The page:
Cadillac's success also is its problem. The luxury division's top-selling vehicle, the DeVille, is its biggest car — and that's not a good marketing position to be in, especially as it tries to regain the attention of baby boomers who have long since shunned the automaker's offerings for sleeker, more performance-oriented imports.

But General Motors Corp.'s Cadillac division is so confident its new and more modestly sized 2000 DeVille will be able to conquest sales from foreign luxury makes that it is going to take on its primary competitors on their home turf — Europe.

“Within a model year we could be ready to go in Europe,” says Cadillac General Manager John F. Smith.

To better appeal to BMW, Mercedes and Lexus audiences, Cadillac has made the new DeVille smaller and smarter. Its width and length have been reduced by 2 ins. (5 cm) — a noticeable but safe change designed to keep DeVille's loyal buyers coming (about 100,000 annually in the U.S.) and still attract baby boomers. However, DeVille remains a leviathan compared to its competitors.

Cadillac has revised its tried-and-true Northstar DOHC V-8 for the new DeVille. It still cranks out at least 275 hp, and yet it now does so on regular, not premium, gasoline. Its fuel economy also has been improved, and the engine also meets California's low emissions vehicle standards.

The DeVille also gets equipped with an upgraded version of Cadillac's StabiliTrak stability-control system. The system enjoys the addition of what Cadillac is calling active steering effort compensation, a feature that increases steering effort during sudden maneuvers. Side-slip-rate control responds to traction loss at all four wheels by utilizing both front brakes to help the driver regain control. Six air bags add to the safety features. Passengers in the back seat benefit from stadium seating and their own climate control. The upper trim level DeVille also will feature Cadillac's second generation continuously variable road sensing suspension.

Improvements made on the outgoing DeVille's stodgy appearance include more aggressive hood lines and large oversized headlights. But the long tail remains, ruining a serious effort to make the DeVille's exterior more dynamic.

While there likely will be divergent feelings about its styling, DeVille's interior is undeniably space-age. Night Vision features infrared technology that allows drivers to see beyond their headlamps when driving at night (see WEVTU — Sept. 1, '98, p.3). Cadillac should be applauded for being the first automaker to bring the military technology to an automotive application, but scolded, along with Night Vision maker Raytheon, for having only a limited supply (6,000 units) during its maiden year, when the buzz about the feature surely will be at its peak. The system will add between $1,000 and $1,500 to the sticker.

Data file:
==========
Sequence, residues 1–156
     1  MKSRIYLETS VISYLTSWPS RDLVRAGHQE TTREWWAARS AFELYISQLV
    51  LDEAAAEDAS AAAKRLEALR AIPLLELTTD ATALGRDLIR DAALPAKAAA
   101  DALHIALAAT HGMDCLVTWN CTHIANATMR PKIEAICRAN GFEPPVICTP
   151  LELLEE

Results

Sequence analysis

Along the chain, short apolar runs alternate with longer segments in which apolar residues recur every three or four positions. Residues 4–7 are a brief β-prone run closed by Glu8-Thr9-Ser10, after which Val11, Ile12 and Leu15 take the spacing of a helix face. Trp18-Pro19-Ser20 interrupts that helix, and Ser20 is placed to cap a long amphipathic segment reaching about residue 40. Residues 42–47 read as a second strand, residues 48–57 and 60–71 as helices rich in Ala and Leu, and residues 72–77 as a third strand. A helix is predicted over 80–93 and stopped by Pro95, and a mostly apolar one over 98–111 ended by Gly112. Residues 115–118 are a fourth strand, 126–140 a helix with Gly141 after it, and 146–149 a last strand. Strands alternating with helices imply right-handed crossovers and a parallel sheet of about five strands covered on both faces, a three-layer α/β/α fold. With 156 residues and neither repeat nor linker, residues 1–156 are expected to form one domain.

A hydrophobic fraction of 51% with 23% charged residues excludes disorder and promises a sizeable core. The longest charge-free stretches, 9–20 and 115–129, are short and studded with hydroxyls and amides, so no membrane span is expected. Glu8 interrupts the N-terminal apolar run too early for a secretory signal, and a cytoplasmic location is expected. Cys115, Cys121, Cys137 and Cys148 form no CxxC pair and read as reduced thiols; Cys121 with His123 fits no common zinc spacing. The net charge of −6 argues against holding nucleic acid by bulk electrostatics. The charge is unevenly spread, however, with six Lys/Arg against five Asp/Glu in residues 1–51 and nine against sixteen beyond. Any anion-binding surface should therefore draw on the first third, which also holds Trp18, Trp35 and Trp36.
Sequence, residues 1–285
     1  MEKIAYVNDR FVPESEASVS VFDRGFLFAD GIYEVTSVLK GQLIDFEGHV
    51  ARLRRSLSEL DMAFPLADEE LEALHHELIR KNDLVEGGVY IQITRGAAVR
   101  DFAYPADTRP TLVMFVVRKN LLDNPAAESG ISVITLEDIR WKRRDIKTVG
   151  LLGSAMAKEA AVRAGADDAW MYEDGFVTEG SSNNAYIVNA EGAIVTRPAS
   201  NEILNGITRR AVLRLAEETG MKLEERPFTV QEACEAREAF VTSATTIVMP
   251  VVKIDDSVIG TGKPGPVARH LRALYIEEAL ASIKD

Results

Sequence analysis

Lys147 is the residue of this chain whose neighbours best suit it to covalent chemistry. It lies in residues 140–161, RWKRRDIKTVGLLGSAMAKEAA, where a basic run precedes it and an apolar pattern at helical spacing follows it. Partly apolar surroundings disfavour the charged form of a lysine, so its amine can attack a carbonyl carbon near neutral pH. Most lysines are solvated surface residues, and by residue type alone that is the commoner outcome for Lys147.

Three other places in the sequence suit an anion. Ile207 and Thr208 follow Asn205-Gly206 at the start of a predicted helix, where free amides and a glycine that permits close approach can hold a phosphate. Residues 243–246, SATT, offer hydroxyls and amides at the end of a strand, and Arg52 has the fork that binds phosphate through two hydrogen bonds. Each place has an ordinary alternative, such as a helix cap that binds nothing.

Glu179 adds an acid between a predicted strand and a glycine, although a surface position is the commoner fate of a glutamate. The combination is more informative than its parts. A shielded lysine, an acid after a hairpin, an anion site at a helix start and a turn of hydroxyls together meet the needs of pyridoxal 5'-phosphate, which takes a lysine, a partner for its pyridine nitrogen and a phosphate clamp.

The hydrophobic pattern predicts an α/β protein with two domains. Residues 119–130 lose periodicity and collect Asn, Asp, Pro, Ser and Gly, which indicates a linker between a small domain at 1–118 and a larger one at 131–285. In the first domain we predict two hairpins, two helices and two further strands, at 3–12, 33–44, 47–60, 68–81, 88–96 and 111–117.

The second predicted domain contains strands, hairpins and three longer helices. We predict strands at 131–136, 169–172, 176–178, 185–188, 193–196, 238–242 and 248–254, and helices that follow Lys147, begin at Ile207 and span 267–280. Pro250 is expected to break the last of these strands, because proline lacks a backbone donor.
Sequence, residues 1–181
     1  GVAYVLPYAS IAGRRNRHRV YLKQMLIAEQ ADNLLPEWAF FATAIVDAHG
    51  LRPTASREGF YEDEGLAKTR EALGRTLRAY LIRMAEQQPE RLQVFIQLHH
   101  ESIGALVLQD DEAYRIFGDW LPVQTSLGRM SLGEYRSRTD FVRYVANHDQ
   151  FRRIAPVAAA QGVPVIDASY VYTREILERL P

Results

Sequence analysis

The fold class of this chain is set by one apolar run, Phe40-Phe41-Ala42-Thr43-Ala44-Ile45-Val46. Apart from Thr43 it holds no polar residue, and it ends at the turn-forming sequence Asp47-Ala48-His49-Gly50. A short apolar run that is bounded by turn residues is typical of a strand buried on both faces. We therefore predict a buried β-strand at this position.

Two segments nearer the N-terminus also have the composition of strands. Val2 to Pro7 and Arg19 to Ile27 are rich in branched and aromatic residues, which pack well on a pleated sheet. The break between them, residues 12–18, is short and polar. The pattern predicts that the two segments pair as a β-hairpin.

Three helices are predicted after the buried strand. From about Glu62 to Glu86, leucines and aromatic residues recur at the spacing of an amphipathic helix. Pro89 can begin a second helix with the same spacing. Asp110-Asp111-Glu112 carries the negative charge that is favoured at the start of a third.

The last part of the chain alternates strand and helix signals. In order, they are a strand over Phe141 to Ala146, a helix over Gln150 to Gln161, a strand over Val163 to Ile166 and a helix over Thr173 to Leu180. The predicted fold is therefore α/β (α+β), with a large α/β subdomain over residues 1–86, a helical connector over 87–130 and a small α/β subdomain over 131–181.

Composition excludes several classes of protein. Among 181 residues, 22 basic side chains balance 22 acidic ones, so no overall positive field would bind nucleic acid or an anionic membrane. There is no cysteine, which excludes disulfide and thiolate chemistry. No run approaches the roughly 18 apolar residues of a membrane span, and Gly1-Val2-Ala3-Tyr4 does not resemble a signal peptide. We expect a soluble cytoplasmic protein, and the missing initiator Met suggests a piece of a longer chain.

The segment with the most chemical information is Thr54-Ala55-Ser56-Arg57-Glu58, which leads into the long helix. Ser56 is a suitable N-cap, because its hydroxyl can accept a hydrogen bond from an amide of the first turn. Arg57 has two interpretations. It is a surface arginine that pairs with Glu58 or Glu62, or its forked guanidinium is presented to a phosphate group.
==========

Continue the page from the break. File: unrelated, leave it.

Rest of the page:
There is a monitor in the center console for viewing an optional CD-based navigation system. The optional Ultrasonic Rear Parking Assist uses four sensors along the rear bumper to detect obstacles that may be hard to see when performing maneuvers in reverse.

DeVille Brand Manager Patrick Kemp expects the entry level DeVille to account for 70% of sales during the first year of production. The remaining sales mix for the DeVille High Luxury sedan (DHS) model and DeVille Touring Sedan will be 10% and 20%, respectively. (Earlier this year, Cadillac switched the name of DeVille's top trim level from the stuffy Concours d'Elegance to the contemporary DTS.)

The car will go on sale this fall. Cadillac won't reveal the sticker price yet. By November, the automaker hopes to have 10,000 DeVilles in the field.

Mr. Smith expects DeVille's current yearly sales pace to continue or get better. “We expect to do the same volume, if not more, in time with this vehicle. We have a broader audience. We think this car is going to appeal to those who shop in both the entry-level luxury and prestige luxury segment,” he explains.

2000 Cadillac DeVille DTS

Vehicle type: Front-engine, front-drive, 5- or 6-passenger, 4-door sedan
Engine: 4.6L (4,565 cc) DOHC V-8; aluminum block/aluminum heads
Power (SAE net): 300 hp @ 6,000 rpm
Torque: 295 lb.-ft. (400 Nm) @ 4,400 rpm
Compression ratio: 10:1
Bore × Stroke (mm): 93 × 84
Transmission: 4-speed automatic
Wheelbase: 115.3 ins. (293 cm)
Overall length: 207 ins. (526 cm)
Overall width: 74.4 ins. (189 cm)
Overall height: 56.7 ins. (144 cm)
Curb weight: 4,000 lbs. (1,815 kg)
Market competition: Lincoln Continental